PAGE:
Gets green light for Phase III trials
Tuesday, June 8, 2004
Globe and Mail
BioMS Medical Corp. of Edmonton cleared a key hurdle yesterday in the quest to market its flagship multiple sclerosis drug, and nobody was more thrilled than chairman Clifford Giese -- who founded the company to help his ailing wife.
"I keep telling people I'm dealing on inside information because I know it works," he said after Health Canada gave the go-ahead to BioMS to launch pivotal Phase III clinical trials of the drug, MBP8298, in patients with secondary progressive MS -- a debilitating form of the disease that has few treatment options.
Mr. Giese, who founded the Mr. Lube chain of auto service centres in Western Canada in the 1970s, said his 55-year-old wife Robin's symptoms have improved markedly since she went on the drug about seven years ago.
Although still confined to a wheelchair, she now has more energy, can travel extensively and enjoys playing with her grandchildren.
"Let me go back seven years. She was completely fatigued and had a hard time participating in life in general.
"The disease was taking her down," he said.
Judy Smith's improvement has been just as dramatic.
She used to rely on a walker to get around and needed a two-hour nap every afternoon just to get through the day.
"I received my first injection in 2000. They chose me because I was rapidly deteriorating," the 62-year-old said.
Now, she walks several kilometres using only a cane and regularly meets tenants in her job as a property manager.
"The walker is in storage. I tell you, I am starting my life over," said the resident of Barrhead, Alta., who was diagnosed with MS in 1978. "I haven't experienced this energy level in 30 years."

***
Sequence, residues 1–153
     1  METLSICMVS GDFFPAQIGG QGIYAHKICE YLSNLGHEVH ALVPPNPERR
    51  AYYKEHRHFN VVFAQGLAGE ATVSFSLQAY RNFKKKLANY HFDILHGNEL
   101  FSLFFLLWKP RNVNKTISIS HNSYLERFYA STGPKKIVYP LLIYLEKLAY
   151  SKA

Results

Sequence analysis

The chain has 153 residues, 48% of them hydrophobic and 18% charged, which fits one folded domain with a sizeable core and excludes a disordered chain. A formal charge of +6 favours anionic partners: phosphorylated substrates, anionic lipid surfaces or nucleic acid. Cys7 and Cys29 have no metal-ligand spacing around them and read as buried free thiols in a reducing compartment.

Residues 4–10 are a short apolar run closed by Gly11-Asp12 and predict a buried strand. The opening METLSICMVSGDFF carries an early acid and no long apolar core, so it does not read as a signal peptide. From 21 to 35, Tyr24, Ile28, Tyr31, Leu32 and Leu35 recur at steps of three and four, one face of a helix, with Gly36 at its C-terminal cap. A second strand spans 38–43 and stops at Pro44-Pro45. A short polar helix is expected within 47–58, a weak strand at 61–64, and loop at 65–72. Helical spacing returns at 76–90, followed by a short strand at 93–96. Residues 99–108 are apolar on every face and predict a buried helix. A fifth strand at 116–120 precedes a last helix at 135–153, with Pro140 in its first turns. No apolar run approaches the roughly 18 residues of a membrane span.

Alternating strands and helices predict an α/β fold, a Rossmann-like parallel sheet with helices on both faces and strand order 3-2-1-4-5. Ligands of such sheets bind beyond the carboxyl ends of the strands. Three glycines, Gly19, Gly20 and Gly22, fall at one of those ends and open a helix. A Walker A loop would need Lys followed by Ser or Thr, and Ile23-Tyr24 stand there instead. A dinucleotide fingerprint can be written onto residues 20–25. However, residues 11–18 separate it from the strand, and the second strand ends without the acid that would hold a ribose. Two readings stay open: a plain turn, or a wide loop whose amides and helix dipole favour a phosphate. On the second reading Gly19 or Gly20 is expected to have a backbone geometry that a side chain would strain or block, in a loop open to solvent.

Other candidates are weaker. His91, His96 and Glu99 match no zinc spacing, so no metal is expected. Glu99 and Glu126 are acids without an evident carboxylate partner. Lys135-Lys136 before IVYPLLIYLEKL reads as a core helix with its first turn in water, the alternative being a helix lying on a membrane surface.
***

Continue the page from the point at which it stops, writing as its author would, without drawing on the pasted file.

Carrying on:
Shares of BioMS gained 26 cents or 7.7 per cent to close at $3.65 on the Toronto Stock Exchange yesterday on news that the drug is heading for Phase III trials, a milestone the vast majority of drugs never reach.
The Gieses were contacted several years ago by the University of Alberta, which was looking for funding to continue clinical testing of the drug.
Mr. Giese and his brother Kevin, BioMS's chief executive officer, worked their business and personal contacts to raise $19-million in less than two weeks.
About 250,000 people in North America suffer from the secondary progressive form of MS, which accounts for nearly half of all MS patients.
MS is a degenerative disease of the central nervous system characterized by symptoms including paralysis, blindness and cognitive impairment.
But making MBP8298 widely available could take several years and many millions of additional dollars, assuming the Phase III -- or final -- clinical trials produce significant results.
The double-blind, placebo-controlled study will include up to 553 patients -- including Ms. Giese and Ms. Smith -- who will receive injections every six month for two years.
BioMS has enough money to cover the Canadian portion of the trials, which will cost roughly $23-million. But it plans to raise another $10-million in the next 12 months to expand the study internationally, Kevin Giese said.
At some point during the trials, BioMS may raise money by licensing the drug to a pharmaceutical company, he said.
But the longer BioMS conducts trials on its own, the more potential upside there is for its shareholders, he added.
"We've put together a management team that's really experienced in developing clinical trials and moving them through, so we're comfortable doing that."
He expects trials to finish toward the end of 2007 and, if all goes as planned, the earliest that the drug could come to market would be 2008.
"It's fantastic," Clifford Giese said. "What [Health Canada's decision]
gives us is validation that we really have something."
Copyright © 2004, Bell Globemedia Publishing Inc.